I have a grand total of one Android application in the Play Store, Cub Tracker. It serves two functions for me: it helps me manage my sons' Cub Scout den, and it gives me a means for experimentation in the mobile realm. For the most part, it has done well for me on both counts for the past few years. I am currently faced with an issue of new functionality (which is mostly irrelevant for this discussion) that has brought up a question in the realm of experimentation. This post is a discussion of my options which will allow me to think out loud, if you will, as well as getting (I hope) some feedback on my options.
If you’ve been following my blog, you’ve probably noticed that I’ve been spending a lot of time with Kotlin of late. (For the curious, I really like it so far, but I haven’t done just a whole lot with it.) I’ve experimented with writing simple JSF and JAX-RS apps in it, largely to see if I can make it work. With those hurdles cleared, I’m trying something a bit more ambitious: a complete (if basic) Java EE application, written completely in Kotlin. Because I’m a sucker for a bad joke, I’ve dubbed the project KotlinEE. I’m not quite ready to walk through that application yet, but I what I would like to discuss now is an issue I ran into trying to get CDI working with Kotlin.
In keeping with theme of "use existing frameworks with Kotlin" and misleading titles, here’s a quick and dirty demonstration of writing JAX-RS applications using Kotlin.
There’s a chance that at least some of you saw the blog title and thought: "Ah ha! A Kotlin wrapper/helper for JSF!" and rushed over to check it out. If so, mission accomplished. :) This really isn’t anything that ambitious. Sorry. :)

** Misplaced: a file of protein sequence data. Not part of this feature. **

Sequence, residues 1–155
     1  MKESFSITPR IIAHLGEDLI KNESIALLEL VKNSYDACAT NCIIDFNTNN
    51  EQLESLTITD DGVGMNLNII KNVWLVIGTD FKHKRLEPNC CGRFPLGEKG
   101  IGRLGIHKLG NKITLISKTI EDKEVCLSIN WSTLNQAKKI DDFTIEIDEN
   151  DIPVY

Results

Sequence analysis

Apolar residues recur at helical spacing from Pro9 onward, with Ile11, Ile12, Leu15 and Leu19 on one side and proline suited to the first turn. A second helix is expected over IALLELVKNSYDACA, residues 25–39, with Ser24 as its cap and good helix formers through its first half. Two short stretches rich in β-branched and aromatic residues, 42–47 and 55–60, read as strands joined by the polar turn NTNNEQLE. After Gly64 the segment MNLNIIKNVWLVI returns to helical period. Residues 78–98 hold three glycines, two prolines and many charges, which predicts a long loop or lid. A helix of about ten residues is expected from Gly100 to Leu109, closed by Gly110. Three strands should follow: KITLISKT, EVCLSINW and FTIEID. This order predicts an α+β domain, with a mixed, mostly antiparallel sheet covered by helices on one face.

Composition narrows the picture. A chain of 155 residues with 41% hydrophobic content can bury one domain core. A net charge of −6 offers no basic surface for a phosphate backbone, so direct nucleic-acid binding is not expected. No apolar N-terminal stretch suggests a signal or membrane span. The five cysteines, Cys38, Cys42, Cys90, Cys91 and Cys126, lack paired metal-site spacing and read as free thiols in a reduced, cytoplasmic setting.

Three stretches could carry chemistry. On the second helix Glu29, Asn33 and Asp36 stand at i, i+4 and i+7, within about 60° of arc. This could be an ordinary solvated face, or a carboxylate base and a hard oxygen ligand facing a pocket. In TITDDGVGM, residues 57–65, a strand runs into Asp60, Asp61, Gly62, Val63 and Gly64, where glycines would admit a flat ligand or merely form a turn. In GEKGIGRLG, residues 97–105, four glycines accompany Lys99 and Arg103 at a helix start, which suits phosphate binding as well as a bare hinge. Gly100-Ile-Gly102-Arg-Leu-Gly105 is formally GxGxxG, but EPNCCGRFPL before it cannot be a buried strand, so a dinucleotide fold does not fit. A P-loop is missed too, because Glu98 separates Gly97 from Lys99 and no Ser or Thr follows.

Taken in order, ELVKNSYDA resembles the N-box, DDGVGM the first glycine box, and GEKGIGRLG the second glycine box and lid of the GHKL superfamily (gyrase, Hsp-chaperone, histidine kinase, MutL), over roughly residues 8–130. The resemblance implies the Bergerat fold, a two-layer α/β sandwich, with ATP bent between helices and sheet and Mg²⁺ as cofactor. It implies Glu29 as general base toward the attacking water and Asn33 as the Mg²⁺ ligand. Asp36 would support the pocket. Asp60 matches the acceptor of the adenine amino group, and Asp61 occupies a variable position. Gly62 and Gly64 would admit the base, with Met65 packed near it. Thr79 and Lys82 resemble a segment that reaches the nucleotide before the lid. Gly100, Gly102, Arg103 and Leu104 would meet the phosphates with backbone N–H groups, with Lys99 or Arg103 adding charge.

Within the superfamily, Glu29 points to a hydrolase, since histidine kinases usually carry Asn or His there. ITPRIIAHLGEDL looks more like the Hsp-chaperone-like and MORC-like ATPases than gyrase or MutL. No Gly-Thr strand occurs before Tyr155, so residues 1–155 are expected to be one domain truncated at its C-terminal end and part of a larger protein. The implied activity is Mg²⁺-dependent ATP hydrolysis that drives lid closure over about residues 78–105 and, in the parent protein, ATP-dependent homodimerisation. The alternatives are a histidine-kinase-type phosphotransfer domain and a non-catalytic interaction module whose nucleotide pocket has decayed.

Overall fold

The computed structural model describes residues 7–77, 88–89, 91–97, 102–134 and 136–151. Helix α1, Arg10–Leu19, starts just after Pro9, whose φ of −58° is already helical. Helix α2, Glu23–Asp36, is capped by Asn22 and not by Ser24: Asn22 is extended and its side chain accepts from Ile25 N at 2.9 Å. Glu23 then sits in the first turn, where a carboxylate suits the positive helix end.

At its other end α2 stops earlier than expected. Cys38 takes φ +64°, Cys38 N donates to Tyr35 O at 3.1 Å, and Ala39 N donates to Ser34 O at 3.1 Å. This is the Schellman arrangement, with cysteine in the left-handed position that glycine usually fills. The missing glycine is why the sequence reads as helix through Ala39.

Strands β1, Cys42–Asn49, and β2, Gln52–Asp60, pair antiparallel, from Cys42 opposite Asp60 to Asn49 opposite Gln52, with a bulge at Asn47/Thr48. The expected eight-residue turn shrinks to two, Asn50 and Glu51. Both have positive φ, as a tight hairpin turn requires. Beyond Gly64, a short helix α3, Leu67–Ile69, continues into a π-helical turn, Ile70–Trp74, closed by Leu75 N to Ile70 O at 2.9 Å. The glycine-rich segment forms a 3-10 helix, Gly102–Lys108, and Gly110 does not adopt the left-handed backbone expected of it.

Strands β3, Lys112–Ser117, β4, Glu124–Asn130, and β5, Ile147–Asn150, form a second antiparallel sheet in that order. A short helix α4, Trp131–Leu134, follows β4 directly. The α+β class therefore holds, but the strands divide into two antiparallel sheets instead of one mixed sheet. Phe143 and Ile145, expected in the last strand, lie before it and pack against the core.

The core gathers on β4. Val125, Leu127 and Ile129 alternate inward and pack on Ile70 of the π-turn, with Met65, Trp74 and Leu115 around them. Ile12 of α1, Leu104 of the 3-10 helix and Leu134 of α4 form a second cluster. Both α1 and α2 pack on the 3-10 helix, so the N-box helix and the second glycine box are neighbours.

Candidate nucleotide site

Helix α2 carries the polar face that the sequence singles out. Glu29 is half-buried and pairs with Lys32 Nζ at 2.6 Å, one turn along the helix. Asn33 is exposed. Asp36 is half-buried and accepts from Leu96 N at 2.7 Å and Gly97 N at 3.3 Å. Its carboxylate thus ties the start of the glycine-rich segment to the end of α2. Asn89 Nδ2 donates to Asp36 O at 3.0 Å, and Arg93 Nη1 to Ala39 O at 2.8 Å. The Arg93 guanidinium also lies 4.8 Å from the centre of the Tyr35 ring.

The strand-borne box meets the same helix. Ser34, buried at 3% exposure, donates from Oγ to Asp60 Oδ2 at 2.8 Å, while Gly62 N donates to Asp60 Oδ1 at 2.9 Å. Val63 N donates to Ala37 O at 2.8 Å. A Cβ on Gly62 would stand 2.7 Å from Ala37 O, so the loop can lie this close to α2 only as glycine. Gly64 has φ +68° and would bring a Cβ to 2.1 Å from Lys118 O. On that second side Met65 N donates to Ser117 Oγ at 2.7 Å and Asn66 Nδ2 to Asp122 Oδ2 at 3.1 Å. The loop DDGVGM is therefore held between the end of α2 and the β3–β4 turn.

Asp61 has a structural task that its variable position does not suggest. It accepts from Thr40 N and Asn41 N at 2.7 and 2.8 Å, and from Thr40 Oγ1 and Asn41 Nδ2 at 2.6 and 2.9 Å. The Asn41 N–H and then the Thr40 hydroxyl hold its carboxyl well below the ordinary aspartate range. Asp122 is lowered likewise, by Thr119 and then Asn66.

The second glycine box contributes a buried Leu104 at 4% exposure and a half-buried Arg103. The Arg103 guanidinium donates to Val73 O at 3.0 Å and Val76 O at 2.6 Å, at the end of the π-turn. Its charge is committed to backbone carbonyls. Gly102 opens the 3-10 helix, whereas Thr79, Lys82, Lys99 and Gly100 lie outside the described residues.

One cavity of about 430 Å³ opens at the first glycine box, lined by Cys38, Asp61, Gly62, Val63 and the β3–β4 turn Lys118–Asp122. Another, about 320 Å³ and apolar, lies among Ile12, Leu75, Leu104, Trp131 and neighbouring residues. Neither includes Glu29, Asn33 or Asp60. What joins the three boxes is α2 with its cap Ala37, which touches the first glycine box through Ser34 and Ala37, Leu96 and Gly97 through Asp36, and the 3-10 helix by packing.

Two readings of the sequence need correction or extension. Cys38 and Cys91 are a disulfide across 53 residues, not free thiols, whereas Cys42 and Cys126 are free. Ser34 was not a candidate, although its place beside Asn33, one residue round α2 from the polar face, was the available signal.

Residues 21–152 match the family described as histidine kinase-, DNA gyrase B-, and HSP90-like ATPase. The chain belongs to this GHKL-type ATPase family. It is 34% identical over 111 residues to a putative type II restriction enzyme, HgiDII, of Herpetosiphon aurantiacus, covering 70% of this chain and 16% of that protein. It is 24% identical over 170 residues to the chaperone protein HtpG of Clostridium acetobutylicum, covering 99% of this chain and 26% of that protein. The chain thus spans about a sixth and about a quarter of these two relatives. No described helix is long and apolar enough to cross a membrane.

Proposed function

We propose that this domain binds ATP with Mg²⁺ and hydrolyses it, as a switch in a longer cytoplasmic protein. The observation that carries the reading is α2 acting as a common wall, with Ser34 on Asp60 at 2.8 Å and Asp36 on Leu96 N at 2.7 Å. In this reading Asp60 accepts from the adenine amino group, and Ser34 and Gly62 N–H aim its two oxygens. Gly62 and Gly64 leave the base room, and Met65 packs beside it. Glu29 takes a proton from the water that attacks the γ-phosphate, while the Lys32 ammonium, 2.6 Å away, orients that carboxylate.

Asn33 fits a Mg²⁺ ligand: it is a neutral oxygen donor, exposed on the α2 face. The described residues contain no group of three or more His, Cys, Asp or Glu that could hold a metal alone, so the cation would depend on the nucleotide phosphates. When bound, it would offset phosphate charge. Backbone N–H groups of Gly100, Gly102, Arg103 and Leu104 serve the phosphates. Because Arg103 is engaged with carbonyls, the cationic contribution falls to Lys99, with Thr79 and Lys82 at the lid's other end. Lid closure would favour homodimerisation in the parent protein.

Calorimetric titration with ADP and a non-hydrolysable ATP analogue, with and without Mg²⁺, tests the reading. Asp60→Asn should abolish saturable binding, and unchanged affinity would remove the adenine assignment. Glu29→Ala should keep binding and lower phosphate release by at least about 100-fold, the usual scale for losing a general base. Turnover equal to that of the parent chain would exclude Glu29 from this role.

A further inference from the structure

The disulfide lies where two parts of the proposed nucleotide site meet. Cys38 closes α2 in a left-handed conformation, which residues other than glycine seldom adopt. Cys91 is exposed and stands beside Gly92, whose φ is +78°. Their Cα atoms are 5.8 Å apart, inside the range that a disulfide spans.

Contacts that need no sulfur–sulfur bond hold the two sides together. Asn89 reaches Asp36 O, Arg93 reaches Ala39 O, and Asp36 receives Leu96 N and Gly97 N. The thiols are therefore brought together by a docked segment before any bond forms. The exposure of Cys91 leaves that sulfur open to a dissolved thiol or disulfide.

At JavaOne this week, I spent a good deal of time talk to Hadi Hariri, Developer Advocacy Team Lead at JetBrains, about their Kotlin language. With my long background in Java webapps, I often reach for my webapp hammer when trying to learn a new language, so I asked Hadi what Kotlin library he would suggest. His answer, in a nutshell, was that the Java interop in Kotlin is so good, just use whatever you want, so I thought I’d put that to the test with a really simple JSF app. Here it is.
If you’re a Doctor Horrible fan, here’s something fun and goofy to start your week. No clue how they did it, but it’s hilarious. :)
(h/t to my brother)
I recently came across an interesting piece of code at work:
private static final DateFormat DATE_FORMAT = new SimpleDateFormat("yyyy-MM-dd");
What struck me as odd was the
private qualifier and that the fact that
SimpleDateFormat is not thread-safe. Is the
odd attempt to work around concurrency issues, or was thread safety just overlooked? That led me to this question: Is a
still one instance per JVM, or does the
private actually change anything? My understanding was that this was a bug, but I thought I’d
write a test just to make sure.
On Monday, July 13, I will be leading the monthly OKC JUG session, whose topic this month is "An Introduction to Programming with Minecraft Mods". We’ll be using a modified version of the curriculum Arun Gupta has developed for this Devoxx4Kids program, with examples taken from the book he and his son wrote, Minecraft Modding with Forge: A Family-Friendly Guide to Building Fun Mods in Java.
Here is the announcement sent to the Oklahoma City tech community. If you’re in the area, come check it out!
My team at work was having some issues with IDEA and the Checkstyle plugin. Based on the error message, and without actually looking at the JARs, it seemed pretty clear that the issue was a JDK version issue. While I think this issue has been resolved, when I set up my Mac months ago, I was forced to install Java 6 in order to install IDEA, but, apparently, the new version of the Checkstyle plugin was compiled with a newer JDK (as it should be). Whether or not the Java 6 issue still exists with IDEA, you can make IDEA run on Java 8 pretty easily, and I’ll show you how to do it.
- Tips for Writing Pluggable Java EE Applications
- JSFTemplating and Woodstock: Component Authoring Made Easy
- Jason Lee in depth: Mojarra and Scales
- Jason Lee: Postmortem for JavaOne 2008
- International Environmental: A Cooling Company Which Prefers Hot Software
- IEC donates custom JSF component to Mojarra Scales